The Elephant Ethogram: A Library of African Elephant Behavior is made possible by generous support from the Crystal Springs FoundationWildiZe FoundationThe Elephant Sanctuary in Tennessee, the Marshall Frankel Foundation, the Gorongosa Project, the Oakland Zoo, National Geographic Society, Spur - The Perenchio Family Fund and individual donors.

We are extremely grateful to Off the Fence (The Netherlands), Carr Foundation/Gorongosa Media Project (US/Mozambique) and Bob Poole Films, for granting hundreds of hours of raw elephant footage shot for documentaries, for use by ElephantVoices in science and education. We have extracted and edited from this Gorongosa and Mara footage some 1,600 clips as examples of elephant behaviors. The criteria for selection of footage for The Elephant Ethogram was the scientific value of the behavior it documents rather than the quality of the particular footage.

We thank cinemaphotographers Emre Izat, Kate Bradbury, Bob Poole, Gina Poole and Carla Rebai for support, friendship and fun during filming and related work in Gorongosa and Maasai Mara, and Carla and Jennie Vazquez for getting us up to speed on Adobe Premiere Pro.

Mining some 18 TB of footage in search of elephant behavior, and extracting, editing and uploading of close to 2,500 video clips from the above sources as well as from our own archive, has taken several years of work. We want to express our gratitude to Thomas Stafford for his contribution toward the editing process during his engagement with ElephantVoices in 2018 and Selengei Poole-Granli for her help populating and promoting The Elephant Ethogram in 2021.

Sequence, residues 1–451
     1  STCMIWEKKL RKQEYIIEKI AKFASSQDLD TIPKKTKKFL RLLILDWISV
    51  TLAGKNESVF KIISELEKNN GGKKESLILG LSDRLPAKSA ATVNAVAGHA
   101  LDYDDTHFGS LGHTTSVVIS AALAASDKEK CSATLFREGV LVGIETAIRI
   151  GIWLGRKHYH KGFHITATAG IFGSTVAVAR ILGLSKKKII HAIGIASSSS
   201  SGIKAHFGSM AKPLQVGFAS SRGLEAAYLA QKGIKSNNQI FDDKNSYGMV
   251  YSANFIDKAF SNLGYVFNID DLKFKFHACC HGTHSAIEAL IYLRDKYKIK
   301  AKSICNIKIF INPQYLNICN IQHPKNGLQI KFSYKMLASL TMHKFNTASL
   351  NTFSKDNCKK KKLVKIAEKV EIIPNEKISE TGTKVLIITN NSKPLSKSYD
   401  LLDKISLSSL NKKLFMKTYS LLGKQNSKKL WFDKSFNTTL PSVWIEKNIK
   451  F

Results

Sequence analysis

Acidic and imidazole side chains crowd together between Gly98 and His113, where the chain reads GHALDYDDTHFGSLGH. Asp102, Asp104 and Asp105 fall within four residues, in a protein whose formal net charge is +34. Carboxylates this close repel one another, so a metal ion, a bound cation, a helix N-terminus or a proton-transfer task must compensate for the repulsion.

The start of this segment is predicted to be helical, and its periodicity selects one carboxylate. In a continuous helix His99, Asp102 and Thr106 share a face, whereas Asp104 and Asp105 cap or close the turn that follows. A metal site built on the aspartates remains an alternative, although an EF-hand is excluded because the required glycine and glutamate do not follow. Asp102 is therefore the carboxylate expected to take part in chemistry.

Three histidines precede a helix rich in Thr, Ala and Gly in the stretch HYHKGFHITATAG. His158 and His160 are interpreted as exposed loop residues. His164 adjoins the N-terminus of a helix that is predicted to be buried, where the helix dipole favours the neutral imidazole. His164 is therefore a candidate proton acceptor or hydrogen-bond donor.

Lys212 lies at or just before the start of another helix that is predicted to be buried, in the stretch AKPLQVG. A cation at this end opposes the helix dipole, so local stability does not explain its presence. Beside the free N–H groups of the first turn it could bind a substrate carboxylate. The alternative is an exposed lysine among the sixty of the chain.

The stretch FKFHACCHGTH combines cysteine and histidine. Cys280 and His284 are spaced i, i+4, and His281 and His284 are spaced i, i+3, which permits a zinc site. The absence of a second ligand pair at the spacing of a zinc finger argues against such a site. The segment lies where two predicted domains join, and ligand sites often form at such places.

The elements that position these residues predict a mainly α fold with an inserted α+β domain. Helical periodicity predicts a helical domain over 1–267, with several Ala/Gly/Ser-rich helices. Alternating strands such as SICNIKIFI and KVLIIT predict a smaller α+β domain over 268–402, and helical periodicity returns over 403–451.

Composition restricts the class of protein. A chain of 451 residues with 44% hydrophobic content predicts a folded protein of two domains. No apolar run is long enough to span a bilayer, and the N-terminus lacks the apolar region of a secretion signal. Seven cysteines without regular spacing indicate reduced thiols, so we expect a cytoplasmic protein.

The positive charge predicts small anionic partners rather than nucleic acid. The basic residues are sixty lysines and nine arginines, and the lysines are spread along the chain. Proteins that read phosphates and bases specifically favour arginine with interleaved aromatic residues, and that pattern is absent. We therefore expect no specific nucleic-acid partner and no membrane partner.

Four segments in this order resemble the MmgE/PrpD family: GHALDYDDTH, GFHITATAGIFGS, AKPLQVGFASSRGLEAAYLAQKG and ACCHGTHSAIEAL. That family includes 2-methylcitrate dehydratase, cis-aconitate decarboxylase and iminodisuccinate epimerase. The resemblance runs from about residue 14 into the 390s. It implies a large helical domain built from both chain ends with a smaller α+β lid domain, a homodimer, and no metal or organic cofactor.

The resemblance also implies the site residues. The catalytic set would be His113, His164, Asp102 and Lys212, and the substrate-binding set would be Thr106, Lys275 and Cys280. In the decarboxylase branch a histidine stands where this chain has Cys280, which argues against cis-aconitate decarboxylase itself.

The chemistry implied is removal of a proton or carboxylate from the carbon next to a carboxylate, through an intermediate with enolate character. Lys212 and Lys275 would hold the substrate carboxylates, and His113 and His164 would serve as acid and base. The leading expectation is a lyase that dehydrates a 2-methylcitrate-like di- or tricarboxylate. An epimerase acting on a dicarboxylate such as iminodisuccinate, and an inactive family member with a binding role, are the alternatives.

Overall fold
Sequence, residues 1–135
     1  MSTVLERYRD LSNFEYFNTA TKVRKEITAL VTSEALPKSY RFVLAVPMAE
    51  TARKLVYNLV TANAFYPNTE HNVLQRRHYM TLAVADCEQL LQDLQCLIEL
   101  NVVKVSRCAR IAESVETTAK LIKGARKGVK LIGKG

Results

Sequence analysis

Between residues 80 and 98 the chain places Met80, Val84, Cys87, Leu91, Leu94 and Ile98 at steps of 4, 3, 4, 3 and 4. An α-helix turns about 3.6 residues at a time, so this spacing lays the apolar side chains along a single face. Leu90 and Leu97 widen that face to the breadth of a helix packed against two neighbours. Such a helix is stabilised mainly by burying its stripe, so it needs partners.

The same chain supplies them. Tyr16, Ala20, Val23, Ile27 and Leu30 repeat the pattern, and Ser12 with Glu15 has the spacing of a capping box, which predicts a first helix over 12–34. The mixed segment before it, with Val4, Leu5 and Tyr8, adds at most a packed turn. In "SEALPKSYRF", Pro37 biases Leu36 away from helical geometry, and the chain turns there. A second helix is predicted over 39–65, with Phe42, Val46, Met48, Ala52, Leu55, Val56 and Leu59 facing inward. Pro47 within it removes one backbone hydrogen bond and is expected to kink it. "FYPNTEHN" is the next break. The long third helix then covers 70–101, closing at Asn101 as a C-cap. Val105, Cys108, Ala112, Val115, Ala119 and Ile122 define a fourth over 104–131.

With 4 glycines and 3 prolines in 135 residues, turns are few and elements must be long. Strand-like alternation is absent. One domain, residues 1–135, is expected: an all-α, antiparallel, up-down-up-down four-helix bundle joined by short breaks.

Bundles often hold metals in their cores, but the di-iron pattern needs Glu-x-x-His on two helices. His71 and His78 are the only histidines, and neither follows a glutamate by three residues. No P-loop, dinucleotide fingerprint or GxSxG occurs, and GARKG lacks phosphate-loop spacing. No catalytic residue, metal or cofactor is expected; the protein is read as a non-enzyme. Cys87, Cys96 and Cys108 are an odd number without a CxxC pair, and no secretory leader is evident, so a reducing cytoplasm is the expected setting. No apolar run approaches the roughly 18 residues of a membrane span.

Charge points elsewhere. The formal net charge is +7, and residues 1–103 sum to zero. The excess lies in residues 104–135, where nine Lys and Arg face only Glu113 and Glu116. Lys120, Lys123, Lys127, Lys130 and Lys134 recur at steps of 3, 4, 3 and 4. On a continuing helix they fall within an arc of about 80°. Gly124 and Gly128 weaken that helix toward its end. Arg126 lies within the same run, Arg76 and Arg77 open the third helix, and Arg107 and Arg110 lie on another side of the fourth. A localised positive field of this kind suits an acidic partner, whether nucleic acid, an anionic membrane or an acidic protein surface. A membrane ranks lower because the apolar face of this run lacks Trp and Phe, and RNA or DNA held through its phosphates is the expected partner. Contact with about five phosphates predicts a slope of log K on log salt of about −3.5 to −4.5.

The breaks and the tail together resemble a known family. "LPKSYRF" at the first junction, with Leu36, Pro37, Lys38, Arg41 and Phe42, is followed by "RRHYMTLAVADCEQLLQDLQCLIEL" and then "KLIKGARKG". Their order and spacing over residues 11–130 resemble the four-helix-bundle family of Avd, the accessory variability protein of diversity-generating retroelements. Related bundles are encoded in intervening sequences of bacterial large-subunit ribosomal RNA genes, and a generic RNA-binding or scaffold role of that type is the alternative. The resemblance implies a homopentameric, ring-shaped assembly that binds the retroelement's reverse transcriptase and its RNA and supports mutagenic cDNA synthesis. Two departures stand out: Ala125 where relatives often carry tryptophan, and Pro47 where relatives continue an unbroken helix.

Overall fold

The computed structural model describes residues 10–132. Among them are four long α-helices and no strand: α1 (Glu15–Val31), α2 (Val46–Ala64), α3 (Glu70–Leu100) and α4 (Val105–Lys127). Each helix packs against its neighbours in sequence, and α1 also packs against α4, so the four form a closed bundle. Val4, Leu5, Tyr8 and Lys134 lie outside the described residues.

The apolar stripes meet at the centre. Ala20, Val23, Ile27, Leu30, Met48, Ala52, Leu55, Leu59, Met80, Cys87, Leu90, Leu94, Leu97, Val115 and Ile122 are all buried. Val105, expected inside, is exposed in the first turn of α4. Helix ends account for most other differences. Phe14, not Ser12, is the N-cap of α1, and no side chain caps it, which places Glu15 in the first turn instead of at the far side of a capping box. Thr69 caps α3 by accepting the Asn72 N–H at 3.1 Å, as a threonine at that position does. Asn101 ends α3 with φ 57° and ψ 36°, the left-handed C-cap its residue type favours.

In the captions we have attempted to give the ages, genders and names of individual elephants depicted in the video and audio files. All mentioned individuals from Gorongosa and the Mara were named, or code-named, by ElephantVoices and are registered in the respective Mara and Gorongosa Who's Who & Whereabouts Databases. Amboseli elephants mentioned in video or audio files are named and aged by the Amboseli Trust for Elephants and we are grateful to our colleagues for sharing their decades-long demographic and individual identification data for use in this project.

We studied elephants in these three locations over many years (Amboseli ~25, Gorongosa 8, Mara 6) and we are enormously grateful for our long collaboration with individuals and organizations in these locations. In particular, we are grateful to the Amboseli Trust for Elephants for decades long friendships and collaborative research, to our many friends, collaborators and colleagues in the groundbreaking Gorongosa Project in Mozambique, and to friends, colleagues and conservancy and camp managers for their support during our time in the Mara.

We warmly thank the wildlife authorities in Kenya and Mozambique including the Kenya Wildlife ServiceNarok County Council, Maasai Mara National ReserveAmboseli National Park and Gorongosa National Park, for permission to carry out our studies and conservation work in these amazing places with extraordinary elephants. And we thank Lucy Bates for her clarity and her contributions during brainstorming sessions and Andy Dobson, Cynthia Jensen for their helpful comments. 

Documentary filming in Gorongosa, Mozambique.
Documentary filming in Gorongosa, Mozambique. From left: Emre Izat, Joyce Poole, Bob Poole, Petter Granli and guide José Montinho.